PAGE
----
Abstracts on Global Climate Change

Jun 2007

Dominant factors controlling glacial and interglacial variations in the treeline elevation in tropical Africa

Wu, HB Guiot, J Brewer, S Guo, ZT Peng, CH


The knowledge of tropical palaeoclimates is crucial for understanding global climate change, because it is a test bench for general circulation models that are ultimately used to predict future global warming. A longstanding issue concerning the last glacial maximum in the tropics is the discrepancy between the decrease in sea-surface temperatures reconstructed from marine proxies and the high-elevation decrease in land temperatures estimated from indicators of treeline elevation. In this study, an improved inverse vegetation modeling approach is used to quantitatively reconstruct palaeoclimate and to estimate the effects of different factors (temperature, precipitation, and atmospheric CO2 concentration) on changes in treeline elevation based on a set of pollen data covering an altitudinal range from 100 to 3,140 m above sea level in Africa. We show that lowering of the African treeline during the last glacial maximum was primarily triggered by regional drying, especially at upper elevations, and was amplified by decreases in atmospheric CO2 concentration and perhaps temperature. This contrasts with scenarios for the Holocene and future climates, in which the increase in treeline elevation will be dominated by temperature. Our results suggest that previous temperature changes inferred from tropical treeline shifts may have been overestimated for low-CO2 glacial periods, because the limiting factors that control changes in treeline elevation differ between glacial and interglacial periods.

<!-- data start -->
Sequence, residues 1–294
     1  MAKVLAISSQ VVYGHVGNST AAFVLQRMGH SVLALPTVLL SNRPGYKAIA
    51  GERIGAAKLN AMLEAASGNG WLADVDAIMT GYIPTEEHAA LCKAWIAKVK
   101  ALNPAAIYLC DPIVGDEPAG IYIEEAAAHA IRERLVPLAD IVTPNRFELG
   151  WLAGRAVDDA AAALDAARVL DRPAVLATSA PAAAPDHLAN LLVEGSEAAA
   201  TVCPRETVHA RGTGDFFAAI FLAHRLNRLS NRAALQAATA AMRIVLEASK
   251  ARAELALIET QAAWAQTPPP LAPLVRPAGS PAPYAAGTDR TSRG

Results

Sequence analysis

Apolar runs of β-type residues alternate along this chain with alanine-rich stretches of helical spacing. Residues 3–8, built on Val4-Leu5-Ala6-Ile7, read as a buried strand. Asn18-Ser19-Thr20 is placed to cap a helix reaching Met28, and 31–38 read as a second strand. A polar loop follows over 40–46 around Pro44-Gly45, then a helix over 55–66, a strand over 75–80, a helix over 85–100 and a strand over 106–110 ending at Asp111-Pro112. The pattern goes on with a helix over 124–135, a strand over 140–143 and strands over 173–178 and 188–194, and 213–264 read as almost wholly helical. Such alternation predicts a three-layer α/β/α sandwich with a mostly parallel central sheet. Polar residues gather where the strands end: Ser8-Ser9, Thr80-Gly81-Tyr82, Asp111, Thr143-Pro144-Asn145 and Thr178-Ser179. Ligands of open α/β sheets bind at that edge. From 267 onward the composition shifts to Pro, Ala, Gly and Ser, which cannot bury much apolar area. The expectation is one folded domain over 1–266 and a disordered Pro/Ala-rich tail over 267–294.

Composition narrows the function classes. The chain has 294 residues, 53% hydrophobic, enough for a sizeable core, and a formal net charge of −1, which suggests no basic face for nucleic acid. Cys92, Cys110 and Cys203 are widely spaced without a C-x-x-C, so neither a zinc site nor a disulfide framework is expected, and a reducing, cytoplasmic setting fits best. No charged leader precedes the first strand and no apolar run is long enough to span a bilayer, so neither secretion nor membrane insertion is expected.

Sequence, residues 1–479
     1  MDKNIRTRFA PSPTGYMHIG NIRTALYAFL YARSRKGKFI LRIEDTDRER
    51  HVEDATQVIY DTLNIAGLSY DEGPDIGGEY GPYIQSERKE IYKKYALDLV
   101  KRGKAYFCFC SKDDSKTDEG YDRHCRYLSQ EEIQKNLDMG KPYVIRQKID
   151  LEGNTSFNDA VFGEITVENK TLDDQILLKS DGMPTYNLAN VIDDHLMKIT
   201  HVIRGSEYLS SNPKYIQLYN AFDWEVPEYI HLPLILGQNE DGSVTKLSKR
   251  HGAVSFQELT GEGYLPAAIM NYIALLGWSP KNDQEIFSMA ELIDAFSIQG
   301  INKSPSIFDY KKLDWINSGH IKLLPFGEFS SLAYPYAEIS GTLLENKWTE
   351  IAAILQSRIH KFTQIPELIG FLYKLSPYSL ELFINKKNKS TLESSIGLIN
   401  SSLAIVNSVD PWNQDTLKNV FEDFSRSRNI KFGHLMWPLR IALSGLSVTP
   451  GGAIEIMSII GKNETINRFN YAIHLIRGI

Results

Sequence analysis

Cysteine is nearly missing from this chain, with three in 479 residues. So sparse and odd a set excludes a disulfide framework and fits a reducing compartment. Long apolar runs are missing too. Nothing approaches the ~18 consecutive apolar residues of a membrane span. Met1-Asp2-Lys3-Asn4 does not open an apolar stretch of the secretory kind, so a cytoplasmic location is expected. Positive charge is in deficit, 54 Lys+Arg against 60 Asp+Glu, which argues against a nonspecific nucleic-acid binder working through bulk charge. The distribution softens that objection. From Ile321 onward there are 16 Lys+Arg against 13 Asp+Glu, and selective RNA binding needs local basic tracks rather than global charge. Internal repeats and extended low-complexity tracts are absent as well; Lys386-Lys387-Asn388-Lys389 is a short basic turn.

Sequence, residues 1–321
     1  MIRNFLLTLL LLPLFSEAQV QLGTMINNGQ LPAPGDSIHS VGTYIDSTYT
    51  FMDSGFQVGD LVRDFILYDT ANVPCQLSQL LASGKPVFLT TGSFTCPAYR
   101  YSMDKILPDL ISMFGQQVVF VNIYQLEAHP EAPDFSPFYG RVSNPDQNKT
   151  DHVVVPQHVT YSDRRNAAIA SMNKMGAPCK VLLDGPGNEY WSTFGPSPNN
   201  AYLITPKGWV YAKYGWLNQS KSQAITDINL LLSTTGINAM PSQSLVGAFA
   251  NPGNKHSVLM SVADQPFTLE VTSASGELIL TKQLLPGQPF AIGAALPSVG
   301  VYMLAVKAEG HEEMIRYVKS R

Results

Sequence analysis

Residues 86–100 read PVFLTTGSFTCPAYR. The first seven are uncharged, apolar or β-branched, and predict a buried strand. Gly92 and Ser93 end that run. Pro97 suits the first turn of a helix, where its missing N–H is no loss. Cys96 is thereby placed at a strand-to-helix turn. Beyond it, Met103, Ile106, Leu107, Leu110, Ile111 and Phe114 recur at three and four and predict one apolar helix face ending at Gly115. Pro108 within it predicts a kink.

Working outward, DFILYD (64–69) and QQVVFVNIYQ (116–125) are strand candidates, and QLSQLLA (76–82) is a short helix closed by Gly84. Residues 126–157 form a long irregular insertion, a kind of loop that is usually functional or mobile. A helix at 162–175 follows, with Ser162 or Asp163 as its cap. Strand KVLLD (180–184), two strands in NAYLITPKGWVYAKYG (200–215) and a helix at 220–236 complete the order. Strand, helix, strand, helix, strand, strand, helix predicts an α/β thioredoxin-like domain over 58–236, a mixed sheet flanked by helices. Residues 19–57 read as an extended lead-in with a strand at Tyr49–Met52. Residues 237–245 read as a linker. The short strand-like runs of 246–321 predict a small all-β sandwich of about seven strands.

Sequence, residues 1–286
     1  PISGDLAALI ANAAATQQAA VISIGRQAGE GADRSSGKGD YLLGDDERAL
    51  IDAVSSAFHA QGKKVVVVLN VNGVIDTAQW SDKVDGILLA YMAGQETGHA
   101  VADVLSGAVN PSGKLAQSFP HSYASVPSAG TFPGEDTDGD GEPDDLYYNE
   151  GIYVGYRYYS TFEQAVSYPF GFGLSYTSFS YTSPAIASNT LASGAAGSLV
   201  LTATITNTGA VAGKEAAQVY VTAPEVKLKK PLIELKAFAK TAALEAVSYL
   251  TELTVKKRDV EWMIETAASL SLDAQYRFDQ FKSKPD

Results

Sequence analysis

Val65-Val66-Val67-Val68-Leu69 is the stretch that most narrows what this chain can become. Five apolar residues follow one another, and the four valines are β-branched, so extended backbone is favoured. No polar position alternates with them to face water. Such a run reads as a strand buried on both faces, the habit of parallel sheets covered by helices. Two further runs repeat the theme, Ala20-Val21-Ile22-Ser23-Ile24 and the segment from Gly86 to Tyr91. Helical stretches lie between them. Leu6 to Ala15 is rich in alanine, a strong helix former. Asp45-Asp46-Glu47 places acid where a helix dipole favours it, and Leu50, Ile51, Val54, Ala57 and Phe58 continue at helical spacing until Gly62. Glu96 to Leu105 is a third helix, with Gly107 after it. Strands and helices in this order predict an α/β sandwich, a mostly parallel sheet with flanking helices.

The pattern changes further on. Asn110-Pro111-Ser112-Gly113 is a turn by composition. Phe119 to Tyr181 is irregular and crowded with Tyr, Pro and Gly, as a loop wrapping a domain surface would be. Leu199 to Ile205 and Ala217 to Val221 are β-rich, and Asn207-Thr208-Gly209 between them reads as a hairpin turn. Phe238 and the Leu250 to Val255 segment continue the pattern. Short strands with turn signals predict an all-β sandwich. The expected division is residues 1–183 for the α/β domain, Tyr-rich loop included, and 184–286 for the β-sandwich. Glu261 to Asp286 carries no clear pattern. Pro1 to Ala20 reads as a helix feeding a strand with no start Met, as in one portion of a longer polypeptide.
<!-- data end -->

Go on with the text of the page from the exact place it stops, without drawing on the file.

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Evidence for carbon sequestration by agricultural liming

Hamilton, SK Kurzman, AL Arango, C Jin, LX Robertson, GP


[1] Agricultural lime can be a source or a sink for CO2, depending on whether reaction occurs with strong acids or carbonic acid. Here we examine the impact of liming on global warming potential by comparing the sum of Ca2+ and Mg2+ to carbonate alkalinity in soil solutions beneath unmanaged vegetation versus limed row crops, and of streams and rivers in agricultural versus forested watersheds, mainly in southern Michigan. Soil solutions sampled by tension indicated that lime can act as either a source or a sink for CO2. However, infiltrating waters tended to indicate net CO2 uptake, as did tile drainage waters and streams draining agricultural watersheds. As nitrate concentrations increased in infiltrating waters, lime switched from a net CO2 sink to a source, implying nitrification as a major acidifying process. Dissolution of lime may sequester CO2 equal to roughly 25 - 50% of its C content, in contrast to the prevailing assumption that all of the carbon in lime becomes CO2. The similar to 30 Tg/yr of agricultural lime applied in the United States could thus sequester up to 1.9 TgC/ yr, about 15% of the annual change in the U. S. CO2 emissions (12 Tg C/yr for 2002 - 2003). The implications of liming for atmospheric CO2 stabilization should be considered in strategies to mitigate global climate change.

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